Humpback whale dorsal fin

The whale has been identified due to the distinctive shape of its head and dorsal fin © Luis Alejandro Bernal Romero/Flickr 

A humpback whale has been spotted in the river Thames

This is only the second humpback whale observed in the Thames since records began over 100 years ago.

Update: Unfortunately, after not being spotted for 24 hours, the whale was found dead floating near Greenhithe, Kent. 

Over the weekend of 5-6 October 2019, a young humpback whale (Megaptera novaeangliae) was spotted swimming in the Thames near the Dartford Crossing. Over the following days reports of the whale have been coming in from Dangenham and Rainham in London, as well as Greenhithe in Kent.

As reports came in, the whale was confirmed to be a humpback due to the distinctive shape of its head and dorsal fin. So far, it has been suggested that the animal may be a juvenile, based on estimates that it is only around five metres long, although its size is yet to be confirmed.

Richard Sabin, curator of marine mammals at the Museum, has been keeping an eye on events in the Thames.

'This is not actually the first time there has been a humpback in the Thames,' says Richard. 'There was an occurrence in 2009, which was the first humpback observed in the river since the UK strandings records began in 1913.' 

That means this is only the second humpback whale to have been observed in the river Thames in 106 years. 

The images seem to show that the whale is in good health and behaving normally as it surfaces and then dives to search for food in the estuary.

'The good thing about humpback whales is that they are seasonal feeders and have a broad diet,' explains Richard. 'They will eat anything from krill to herring and other small schooling fish, but they won't find much in the Thames itself. To find the quantity of food they need requires moving into the estuary and out to sea'

Where did it come from?

Humpback whales have a global distribution - they are found in all major oceans. 

Historically, they would migrate from feeding grounds near the poles to breeding grounds closer to the equator. Growing up to 16 metres in length and 30 tonnes in weight, they were also heavily targeted by whalers.

'Humpback whales travel around the UK coastline as they migrate up to Norway and Iceland,' says Richard. 'There has been an increase in reports of sightings of humpbacks for several years now, in both UK waters and elsewhere in the North Atlantic, which is obviously a good thing as it suggests that their numbers may be recovering.

'There was a report about three years ago of a bowhead whale that had been seen off the Cornish coast. That is a long way away from the edge of the pack ice in the Arctic, where they are normally found. It could be that as whale populations increase they are exploring and returning to areas where they were once found, prior to large-scale human exploitation. This could be what we are seeing here.'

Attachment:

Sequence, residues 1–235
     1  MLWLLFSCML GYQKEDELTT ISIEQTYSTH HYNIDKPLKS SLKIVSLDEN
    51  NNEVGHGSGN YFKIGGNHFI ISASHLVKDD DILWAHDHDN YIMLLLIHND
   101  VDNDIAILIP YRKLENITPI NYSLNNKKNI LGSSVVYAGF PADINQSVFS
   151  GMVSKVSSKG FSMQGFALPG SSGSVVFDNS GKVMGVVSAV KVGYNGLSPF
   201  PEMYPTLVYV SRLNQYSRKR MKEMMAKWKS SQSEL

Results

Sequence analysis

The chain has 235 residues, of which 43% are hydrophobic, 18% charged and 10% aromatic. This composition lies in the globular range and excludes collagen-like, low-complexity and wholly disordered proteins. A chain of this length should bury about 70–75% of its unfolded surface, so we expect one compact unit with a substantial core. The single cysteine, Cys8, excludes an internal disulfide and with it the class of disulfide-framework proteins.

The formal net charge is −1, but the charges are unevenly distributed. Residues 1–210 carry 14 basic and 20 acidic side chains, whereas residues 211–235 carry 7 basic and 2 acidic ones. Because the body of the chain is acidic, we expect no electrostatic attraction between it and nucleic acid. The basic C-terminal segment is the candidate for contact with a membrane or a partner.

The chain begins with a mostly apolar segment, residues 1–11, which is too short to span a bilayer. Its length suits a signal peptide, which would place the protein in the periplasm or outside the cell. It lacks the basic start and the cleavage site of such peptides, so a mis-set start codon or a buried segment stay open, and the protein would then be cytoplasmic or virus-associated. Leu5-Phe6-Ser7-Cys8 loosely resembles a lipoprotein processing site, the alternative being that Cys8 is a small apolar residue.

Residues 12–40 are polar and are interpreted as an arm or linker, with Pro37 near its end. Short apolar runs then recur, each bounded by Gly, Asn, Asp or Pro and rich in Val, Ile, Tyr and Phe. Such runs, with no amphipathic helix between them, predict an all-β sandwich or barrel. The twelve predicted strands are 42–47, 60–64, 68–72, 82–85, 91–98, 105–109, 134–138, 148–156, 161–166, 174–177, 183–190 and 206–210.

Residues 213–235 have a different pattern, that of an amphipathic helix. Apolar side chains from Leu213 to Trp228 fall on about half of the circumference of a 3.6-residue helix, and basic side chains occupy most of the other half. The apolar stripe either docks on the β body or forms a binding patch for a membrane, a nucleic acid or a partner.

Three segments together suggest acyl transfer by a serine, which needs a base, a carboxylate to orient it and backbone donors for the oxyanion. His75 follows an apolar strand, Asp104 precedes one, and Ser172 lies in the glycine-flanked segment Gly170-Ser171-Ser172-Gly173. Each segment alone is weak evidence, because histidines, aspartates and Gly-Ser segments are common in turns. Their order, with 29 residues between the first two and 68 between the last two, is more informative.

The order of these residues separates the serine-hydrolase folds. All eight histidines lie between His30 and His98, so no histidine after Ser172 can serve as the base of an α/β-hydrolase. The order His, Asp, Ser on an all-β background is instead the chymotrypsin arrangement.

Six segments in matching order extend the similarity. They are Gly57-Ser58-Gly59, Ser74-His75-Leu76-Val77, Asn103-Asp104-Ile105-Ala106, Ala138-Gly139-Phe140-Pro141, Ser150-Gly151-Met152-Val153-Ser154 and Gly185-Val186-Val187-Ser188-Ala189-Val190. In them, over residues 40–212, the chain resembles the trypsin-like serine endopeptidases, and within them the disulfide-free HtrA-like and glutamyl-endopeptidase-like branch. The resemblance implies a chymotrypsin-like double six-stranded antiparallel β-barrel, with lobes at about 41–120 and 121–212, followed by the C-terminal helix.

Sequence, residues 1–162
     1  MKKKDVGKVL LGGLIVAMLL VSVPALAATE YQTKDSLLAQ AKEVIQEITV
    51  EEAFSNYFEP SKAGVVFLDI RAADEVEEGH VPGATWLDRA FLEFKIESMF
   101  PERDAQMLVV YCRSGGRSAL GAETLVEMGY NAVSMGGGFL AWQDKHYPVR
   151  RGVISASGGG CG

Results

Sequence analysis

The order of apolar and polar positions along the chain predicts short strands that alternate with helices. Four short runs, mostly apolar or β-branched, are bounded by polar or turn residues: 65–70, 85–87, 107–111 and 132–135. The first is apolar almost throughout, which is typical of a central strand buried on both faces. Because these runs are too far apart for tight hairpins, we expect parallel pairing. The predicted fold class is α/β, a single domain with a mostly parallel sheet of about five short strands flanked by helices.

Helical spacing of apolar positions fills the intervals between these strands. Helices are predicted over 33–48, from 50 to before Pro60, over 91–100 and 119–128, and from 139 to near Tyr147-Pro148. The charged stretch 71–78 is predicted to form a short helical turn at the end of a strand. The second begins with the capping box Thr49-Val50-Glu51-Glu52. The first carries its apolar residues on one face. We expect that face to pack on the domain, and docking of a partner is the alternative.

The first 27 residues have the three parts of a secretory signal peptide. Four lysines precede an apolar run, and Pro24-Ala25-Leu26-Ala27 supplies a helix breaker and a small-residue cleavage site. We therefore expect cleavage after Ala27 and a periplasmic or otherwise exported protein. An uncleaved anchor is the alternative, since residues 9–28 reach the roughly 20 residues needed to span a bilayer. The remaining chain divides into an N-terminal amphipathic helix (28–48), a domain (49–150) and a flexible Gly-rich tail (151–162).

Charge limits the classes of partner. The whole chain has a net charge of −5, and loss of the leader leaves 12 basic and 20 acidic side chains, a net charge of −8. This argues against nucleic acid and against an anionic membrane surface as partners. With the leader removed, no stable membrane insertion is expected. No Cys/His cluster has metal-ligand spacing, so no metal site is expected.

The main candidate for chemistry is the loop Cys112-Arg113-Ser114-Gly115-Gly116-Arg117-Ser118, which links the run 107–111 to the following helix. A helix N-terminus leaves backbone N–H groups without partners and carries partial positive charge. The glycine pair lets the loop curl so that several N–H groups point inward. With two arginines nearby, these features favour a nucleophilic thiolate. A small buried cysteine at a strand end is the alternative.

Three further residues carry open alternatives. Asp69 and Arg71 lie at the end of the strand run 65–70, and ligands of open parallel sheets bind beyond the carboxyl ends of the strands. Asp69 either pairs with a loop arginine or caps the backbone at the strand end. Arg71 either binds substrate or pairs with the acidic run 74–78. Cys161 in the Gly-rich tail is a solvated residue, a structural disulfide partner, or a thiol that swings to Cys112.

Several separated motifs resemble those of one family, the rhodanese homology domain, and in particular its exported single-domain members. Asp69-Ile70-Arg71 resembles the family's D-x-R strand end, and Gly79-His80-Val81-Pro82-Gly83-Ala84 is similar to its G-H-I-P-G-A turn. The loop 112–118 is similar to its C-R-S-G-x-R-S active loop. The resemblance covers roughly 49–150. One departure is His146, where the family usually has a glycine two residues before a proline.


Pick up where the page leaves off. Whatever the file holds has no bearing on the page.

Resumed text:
Humpback whale underwater

Humpback whales sightings have been increasing, suggesting that their populations may be recovering © Christopher Michel/Flickr

What are the whale's chances of survival?

Despite the fact that the animal looked healthy and was seemingly behaving normally, the lifeless body of the whale was found floating near Greenhithe, Kent, on 8 October. 

The UK Cetacean Stranding Investigation Programme and experts from the Zoological Society of London will now conduct a post mortem on the whale. They will take samples of its tissue to test for parasites and pollutants, while at the same time trying to ascertain a cause of death.

Whales in the Thames

In addition to the humpback that swam into the Thames in 2009, there have been a number of other notable cetaceans making their way up the river over the last few decades.

In 2018, Benny the beluga made headlines around the world as it spent over three months living in the estuary before it is assumed to have made its way back out in the North Sea in the new year.

Possibly the most famous whale that made its way up the Thames in recent years was the northern bottlenose whale that swam as far up as the Houses of Parliament in 2006. It drew thousands of people to the banks of the river as they watched the attempt to save the animal

It is likely that, as whale number continue to recover, this will not be the last cetacean to swim into the Thames.

In the event that it does occur again, Richard has some advice for what to do: 'The best piece of advice that we can give to people is if you are planning on going down to the area to see a whale, then stay on the shore and don't go onto the water.

'The last thing you want to do is cause the whale any kind of distress by having too many vessels in the water, and create logistical problems for the Port of London Authority.

'Observe and enjoy the whale from the shore, and of course share your photographs online.'

 

Report strandings

For over 100 years the Museum has been part of a project to document the cetaceans found in British waters and find out what causes them to become stranded on beaches.

Help us learn about marine mammals in the UK.